Last December, the Australian lemuroid ringtail possum was widely reported as the first possible extinction casualty of climate change.
But last week it rose from the dead with ecologists reporting the discovery of three of the creatures and declaring that the species was never feared extinct. But its future is far from certain.
"They have a very limited range – most likely due to an inability to tolerate high temperatures – so they are at risk from future temperature extremes," says ecophysiologist Andrew Krockenberger of James Cook University in Cairns, Australia.
Stephen Williams of James Cook University in Townsville agrees. "There has been a massive decline in one population. One more hot summer could wipe [that population] out."
Last December, the story took on a life of its own when Williams made an off-the-cuff remark to a local journalist that the possums may already be extinct from the Carbine plateau in the Daintree National Park in northern Queensland. With no sightings in three years, the fear was that the population had been wiped out by record temperatures in 2005.
However, there is a second population of lemuroid ringtail possums (Hemibelideus lemuroides) living on the Atherton tablelands, roughly 100 kilometres south. This population remains in relatively good health.
The story became further confused because roughly 40% of lemuroid ringtail possums living on the Carbine plateau are white, the rest brown – many reports equated the different colours with different species.
These points became irrelevant two weeks ago, though, when, during a last ditch attempt to find whether any of the Carbine plateau population had survived, Williams spotted three of the possums.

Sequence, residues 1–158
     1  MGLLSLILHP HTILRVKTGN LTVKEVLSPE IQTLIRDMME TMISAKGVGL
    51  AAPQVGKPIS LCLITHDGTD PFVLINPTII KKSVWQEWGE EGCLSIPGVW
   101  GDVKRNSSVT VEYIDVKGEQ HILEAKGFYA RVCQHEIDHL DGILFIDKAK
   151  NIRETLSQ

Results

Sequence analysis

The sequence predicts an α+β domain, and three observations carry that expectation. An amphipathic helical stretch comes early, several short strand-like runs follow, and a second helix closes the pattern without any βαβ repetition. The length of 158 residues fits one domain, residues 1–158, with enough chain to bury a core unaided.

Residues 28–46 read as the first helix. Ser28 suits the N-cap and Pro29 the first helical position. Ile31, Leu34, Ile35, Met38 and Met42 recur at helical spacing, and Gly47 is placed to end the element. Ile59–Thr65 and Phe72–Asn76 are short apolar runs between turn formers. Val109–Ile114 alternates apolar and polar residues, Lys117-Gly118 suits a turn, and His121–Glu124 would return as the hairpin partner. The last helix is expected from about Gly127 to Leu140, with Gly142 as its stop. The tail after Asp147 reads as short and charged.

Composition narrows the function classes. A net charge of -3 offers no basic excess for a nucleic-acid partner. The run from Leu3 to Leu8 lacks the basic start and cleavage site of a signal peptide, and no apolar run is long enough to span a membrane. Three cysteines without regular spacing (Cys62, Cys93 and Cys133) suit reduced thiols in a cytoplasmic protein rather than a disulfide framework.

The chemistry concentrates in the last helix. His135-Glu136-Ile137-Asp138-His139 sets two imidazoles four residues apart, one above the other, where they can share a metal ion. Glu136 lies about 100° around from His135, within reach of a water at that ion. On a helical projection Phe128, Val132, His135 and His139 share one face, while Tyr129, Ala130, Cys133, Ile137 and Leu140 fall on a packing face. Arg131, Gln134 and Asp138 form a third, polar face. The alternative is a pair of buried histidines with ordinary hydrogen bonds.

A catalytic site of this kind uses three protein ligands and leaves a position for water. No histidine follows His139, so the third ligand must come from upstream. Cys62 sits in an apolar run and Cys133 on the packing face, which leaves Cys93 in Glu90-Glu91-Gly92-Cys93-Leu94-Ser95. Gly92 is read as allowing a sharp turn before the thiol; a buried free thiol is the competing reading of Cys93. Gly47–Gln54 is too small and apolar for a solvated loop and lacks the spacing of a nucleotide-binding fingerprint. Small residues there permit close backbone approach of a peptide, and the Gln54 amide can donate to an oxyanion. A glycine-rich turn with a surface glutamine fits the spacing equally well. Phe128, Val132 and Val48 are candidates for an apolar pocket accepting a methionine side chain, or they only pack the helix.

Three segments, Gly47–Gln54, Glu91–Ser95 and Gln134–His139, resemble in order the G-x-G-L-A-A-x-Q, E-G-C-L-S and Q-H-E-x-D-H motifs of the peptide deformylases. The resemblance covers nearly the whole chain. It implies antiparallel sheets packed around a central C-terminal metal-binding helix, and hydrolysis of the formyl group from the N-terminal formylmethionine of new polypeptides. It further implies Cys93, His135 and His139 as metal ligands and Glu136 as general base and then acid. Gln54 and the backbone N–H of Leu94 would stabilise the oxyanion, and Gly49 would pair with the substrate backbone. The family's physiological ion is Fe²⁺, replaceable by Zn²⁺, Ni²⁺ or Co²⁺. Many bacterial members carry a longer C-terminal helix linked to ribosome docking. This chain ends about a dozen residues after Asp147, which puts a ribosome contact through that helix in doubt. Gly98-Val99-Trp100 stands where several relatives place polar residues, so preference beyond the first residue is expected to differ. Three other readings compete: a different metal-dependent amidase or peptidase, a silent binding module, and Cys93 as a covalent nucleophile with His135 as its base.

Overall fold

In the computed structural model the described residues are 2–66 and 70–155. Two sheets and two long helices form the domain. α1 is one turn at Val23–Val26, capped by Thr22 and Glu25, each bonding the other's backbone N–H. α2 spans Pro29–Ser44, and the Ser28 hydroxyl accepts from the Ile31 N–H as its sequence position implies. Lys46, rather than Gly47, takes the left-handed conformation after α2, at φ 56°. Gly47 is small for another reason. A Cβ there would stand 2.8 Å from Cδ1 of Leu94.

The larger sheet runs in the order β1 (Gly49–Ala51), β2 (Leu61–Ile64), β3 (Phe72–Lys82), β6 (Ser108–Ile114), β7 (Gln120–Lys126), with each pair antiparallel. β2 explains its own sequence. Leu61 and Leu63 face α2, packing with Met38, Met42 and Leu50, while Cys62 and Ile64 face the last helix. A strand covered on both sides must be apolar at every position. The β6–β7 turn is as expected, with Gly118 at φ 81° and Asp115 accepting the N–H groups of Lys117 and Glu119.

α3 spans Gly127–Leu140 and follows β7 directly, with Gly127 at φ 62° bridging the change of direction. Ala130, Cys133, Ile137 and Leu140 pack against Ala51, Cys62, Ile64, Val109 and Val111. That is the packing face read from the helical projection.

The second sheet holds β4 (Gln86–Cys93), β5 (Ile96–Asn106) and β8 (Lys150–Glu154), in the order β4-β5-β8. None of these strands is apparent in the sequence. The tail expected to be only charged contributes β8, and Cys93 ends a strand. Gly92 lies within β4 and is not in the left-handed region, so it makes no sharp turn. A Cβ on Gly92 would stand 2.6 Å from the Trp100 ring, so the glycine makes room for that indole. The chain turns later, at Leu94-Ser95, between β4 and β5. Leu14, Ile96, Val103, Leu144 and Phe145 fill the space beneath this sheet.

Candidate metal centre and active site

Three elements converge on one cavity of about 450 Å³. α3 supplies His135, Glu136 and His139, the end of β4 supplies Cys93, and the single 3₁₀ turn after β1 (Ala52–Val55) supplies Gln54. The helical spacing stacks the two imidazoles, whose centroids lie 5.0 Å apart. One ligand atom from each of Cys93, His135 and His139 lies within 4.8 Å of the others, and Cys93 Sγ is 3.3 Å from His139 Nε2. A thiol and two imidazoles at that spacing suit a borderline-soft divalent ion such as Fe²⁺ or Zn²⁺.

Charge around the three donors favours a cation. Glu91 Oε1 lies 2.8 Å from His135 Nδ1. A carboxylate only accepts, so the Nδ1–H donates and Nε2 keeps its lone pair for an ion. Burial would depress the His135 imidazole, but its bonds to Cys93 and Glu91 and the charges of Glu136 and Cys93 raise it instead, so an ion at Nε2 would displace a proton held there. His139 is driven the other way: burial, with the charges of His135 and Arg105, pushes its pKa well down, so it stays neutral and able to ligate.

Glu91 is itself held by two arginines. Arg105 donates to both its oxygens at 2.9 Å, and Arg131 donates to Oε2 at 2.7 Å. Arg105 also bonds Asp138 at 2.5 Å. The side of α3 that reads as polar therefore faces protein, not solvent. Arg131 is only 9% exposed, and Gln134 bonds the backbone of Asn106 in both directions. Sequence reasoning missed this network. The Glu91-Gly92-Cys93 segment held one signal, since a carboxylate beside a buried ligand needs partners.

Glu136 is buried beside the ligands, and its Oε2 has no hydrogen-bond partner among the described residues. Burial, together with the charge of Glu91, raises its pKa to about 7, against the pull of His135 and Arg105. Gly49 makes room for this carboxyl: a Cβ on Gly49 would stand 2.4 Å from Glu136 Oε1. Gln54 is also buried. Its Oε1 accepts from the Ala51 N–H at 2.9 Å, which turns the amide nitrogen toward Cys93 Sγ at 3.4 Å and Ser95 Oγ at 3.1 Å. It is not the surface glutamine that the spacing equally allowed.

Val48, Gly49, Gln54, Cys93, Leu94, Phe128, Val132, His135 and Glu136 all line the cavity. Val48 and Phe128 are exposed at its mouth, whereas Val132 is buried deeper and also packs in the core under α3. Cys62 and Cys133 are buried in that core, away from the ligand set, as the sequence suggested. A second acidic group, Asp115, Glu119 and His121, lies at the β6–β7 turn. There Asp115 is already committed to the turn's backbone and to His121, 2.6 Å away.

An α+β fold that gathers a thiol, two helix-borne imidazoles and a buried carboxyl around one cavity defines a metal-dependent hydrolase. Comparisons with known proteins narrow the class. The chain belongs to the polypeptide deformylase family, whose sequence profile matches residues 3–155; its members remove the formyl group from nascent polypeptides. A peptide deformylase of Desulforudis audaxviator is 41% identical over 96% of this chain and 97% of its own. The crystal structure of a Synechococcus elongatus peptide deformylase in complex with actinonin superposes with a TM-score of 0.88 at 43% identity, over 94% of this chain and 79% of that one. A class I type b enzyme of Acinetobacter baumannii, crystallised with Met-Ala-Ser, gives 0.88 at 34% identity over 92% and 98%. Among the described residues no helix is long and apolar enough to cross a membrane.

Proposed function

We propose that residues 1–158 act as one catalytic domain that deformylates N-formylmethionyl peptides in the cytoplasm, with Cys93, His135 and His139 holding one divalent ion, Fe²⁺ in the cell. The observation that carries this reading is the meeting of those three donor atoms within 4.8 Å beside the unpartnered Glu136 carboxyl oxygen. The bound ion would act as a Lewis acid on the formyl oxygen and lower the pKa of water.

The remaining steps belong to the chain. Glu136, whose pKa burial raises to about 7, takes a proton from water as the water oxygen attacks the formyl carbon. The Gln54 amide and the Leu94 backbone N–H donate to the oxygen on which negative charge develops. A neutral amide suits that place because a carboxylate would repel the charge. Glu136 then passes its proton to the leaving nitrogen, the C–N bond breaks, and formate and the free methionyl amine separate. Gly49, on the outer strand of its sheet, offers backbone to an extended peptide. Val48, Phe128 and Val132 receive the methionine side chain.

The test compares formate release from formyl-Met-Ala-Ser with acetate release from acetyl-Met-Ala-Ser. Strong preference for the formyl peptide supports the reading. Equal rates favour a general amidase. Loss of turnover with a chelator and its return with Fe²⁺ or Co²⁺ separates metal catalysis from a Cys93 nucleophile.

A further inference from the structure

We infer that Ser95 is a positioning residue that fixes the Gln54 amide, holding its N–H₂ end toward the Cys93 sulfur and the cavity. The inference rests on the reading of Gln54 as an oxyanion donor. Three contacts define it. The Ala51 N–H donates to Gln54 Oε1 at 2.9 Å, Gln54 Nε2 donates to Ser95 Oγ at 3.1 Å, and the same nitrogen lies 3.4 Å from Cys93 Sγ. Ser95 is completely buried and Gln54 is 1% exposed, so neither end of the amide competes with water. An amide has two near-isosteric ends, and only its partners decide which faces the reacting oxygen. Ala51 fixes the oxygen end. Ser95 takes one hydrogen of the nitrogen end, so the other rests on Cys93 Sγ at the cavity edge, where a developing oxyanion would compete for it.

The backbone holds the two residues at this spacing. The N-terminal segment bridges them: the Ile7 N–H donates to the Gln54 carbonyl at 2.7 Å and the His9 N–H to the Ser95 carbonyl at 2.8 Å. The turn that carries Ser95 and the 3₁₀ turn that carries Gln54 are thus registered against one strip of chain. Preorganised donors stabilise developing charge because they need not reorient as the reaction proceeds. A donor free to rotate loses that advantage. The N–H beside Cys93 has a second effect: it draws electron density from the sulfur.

"They're hanging in there. But we are completely certain that the species has severely declined – this is not a false alarm," Williams says.
Last year the lemuroid ringtail possum was declared not to be at high risk of extinction by the Red List, an influential although recently criticised barometer of extinction risk.
Although the Red List assessment was published in 2008, it "was done in 2006, or very early 2007", so could now be out of date, agrees Scott Burnett of the University of the Sunshine Coast in Queensland, one of the Red List assessors.
He cautions, however, that a road built in the late 1980s through the region occupied by the Carbine plateau population may have made it temporarily easier to count the animals, and that could be a "confounding factor".
Possums are usually counted by shining spotlights from the road into the rainforest, so sightings may have become less frequent as the forest canopy grows back, he says.
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